The Spiritual Need To Serve

Peggy - Midland, Michigan
Entered on November 6, 2008
Age Group: 30 - 50

I believe we all have a spiritual need to serve one another. In my work as an Employee Assistance Counselor I see it over and over again displayed on the faces of workers at all levels whose souls have been wounded in their efforts to serve.

My first job was as a waitress at the ripe old age of fifteen. As a late-life child my family was disintegrating at a rapid pace. The death of my father at thirteen, alcoholism and my siblings fleeing the scene left me with the impression that I was of little value to anyone. But it didn’t take long for me to discover the deep and rewarding satisfaction of serving others. People tipped me; they asked to sit in my section they said thank you. I was addicted. I added yet another job at a bridal salon, and finally a third making hotel reservations for Holiday Inns. I missed my share of football games and dances but I didn’t mind because I mattered, people needed me. I know some of you are thinking I would make a good poster child for codependency, but bear with me.

After working my way through college, I spent seven years in the mortgage industry and then went back to obtain a degree in counseling that qualifies me for my current position. I work with employees who are struggling in many aspects of their life, and they always seem amazed by the fact that their work has become so important to them. I believe we all have the need to serve and to do it well. When we feel we aren’t able or can’t find the right opportunities to use our gifts we suffer spiritually. And I am not talking about just counselors, nurses or waitresses. I think of the school janitor who sprinkles the pink sawdust when you throw-up in the hallway, the stay at home mom who grieves her empty nest, or the nursing home aide who sinks into a deep depression when her worker’s comp claim is denied because she feels the company she has worked 12 years for no longer values her service, or the engineer who is downsized and begins using alcohol and other drugs to numb his pain.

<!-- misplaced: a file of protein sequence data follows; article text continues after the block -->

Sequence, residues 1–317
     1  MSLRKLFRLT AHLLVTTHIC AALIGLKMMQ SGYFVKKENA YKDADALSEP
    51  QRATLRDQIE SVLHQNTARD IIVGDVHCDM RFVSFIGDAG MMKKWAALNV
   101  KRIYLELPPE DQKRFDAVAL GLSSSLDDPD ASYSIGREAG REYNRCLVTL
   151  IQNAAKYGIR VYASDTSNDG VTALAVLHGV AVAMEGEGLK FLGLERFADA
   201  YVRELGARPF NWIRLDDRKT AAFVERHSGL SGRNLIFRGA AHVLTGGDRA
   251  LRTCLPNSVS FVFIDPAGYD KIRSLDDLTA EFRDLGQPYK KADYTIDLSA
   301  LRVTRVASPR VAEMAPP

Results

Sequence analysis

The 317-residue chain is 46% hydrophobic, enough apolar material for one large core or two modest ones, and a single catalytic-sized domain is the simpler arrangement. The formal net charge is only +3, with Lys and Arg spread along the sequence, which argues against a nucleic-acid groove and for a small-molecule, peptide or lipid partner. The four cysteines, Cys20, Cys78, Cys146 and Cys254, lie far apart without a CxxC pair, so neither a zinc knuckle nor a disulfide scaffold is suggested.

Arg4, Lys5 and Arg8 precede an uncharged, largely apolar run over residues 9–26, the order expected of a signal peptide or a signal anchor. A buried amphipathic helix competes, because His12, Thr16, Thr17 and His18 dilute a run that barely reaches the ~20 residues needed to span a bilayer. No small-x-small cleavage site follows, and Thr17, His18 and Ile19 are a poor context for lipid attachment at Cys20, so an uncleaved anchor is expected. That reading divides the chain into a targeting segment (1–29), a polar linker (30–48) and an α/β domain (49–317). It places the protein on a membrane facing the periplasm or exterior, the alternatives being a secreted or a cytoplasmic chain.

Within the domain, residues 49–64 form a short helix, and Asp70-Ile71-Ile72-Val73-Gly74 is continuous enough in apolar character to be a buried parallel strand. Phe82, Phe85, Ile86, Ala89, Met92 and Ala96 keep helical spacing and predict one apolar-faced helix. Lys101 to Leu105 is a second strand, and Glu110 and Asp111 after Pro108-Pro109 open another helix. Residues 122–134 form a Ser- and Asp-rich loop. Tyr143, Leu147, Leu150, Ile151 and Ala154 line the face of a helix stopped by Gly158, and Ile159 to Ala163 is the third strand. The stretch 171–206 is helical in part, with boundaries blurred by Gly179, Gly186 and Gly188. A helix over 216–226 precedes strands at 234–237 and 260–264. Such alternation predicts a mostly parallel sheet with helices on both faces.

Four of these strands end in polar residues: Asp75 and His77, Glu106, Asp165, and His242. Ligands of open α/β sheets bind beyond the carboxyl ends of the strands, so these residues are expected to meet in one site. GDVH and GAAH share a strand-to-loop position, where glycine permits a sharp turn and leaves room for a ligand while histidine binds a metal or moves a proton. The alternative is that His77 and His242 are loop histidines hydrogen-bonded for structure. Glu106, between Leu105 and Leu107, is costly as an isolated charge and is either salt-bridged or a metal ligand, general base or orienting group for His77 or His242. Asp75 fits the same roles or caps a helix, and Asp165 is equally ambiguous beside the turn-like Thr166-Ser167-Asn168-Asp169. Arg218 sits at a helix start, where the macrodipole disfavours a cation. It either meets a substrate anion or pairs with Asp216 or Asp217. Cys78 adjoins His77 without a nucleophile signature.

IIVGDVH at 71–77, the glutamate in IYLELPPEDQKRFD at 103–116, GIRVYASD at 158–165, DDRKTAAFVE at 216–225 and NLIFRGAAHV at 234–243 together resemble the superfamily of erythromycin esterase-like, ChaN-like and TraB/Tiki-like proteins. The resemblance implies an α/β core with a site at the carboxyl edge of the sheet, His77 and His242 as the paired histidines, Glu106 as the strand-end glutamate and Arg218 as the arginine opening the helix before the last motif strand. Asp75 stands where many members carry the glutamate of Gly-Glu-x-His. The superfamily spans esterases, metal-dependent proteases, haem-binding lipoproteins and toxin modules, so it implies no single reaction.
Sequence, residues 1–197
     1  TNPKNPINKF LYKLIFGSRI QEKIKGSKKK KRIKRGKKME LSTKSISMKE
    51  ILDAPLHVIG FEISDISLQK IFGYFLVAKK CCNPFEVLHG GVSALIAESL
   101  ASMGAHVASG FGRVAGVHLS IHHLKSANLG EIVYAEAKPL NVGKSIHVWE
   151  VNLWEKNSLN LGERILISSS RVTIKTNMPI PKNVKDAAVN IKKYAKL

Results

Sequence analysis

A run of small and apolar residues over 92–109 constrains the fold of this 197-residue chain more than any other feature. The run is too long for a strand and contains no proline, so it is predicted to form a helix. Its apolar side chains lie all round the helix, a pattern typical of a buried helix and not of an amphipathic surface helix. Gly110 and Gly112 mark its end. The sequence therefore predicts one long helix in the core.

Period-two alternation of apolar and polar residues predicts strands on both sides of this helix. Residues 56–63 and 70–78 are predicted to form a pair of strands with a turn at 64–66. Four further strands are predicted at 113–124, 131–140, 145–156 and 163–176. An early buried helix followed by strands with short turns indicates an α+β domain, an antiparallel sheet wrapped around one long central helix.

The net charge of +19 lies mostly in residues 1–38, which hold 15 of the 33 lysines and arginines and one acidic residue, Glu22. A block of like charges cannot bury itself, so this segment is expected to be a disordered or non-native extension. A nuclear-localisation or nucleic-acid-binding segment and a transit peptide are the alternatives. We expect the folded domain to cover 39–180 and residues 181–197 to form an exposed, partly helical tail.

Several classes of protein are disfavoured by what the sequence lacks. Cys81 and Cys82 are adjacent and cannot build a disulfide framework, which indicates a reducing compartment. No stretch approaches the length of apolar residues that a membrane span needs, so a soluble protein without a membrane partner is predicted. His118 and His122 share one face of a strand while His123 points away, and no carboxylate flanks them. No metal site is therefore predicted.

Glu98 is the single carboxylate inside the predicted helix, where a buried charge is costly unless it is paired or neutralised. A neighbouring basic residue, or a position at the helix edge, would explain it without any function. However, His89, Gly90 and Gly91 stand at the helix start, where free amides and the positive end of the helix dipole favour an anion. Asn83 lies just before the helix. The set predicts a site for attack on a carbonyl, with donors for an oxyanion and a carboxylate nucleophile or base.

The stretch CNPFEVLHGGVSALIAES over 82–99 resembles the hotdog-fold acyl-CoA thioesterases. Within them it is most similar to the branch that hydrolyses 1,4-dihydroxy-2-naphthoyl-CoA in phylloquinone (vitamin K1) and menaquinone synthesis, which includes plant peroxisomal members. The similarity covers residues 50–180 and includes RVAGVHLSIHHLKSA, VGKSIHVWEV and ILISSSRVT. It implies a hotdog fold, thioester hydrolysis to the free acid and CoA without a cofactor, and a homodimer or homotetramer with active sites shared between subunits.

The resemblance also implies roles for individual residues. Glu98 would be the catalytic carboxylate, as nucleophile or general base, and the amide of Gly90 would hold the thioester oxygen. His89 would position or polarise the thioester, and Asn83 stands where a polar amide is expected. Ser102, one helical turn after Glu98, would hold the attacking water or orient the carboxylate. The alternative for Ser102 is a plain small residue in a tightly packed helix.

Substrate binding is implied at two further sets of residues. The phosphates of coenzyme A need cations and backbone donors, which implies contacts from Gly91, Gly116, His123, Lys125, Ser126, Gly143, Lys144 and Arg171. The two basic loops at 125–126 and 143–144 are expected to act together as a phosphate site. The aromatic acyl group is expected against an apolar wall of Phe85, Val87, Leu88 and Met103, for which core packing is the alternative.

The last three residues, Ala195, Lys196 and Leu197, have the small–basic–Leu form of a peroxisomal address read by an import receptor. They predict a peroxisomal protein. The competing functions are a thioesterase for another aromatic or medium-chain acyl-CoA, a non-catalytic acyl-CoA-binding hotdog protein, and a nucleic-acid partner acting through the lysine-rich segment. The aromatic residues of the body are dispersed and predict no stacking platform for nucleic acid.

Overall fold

It is easy in these tough economic times to view our jobs as just a means to earn a paycheck but that kind of thinking so minimizes our worth. Our work is our way of participating in God’s act of creation. Martin Luther King Jr., said to the striking Memphis sanitation workers, “Everybody can be great… because anybody can serve. You don’t have to have a college degree to serve. You don’t have to make your subject and verb agree to serve. You only need a heart full of grace and a soul generated by love.”

There is great dignity is every act of service to another. It is through our work paid or unpaid that we find dignity and spiritual meaning. This I believe.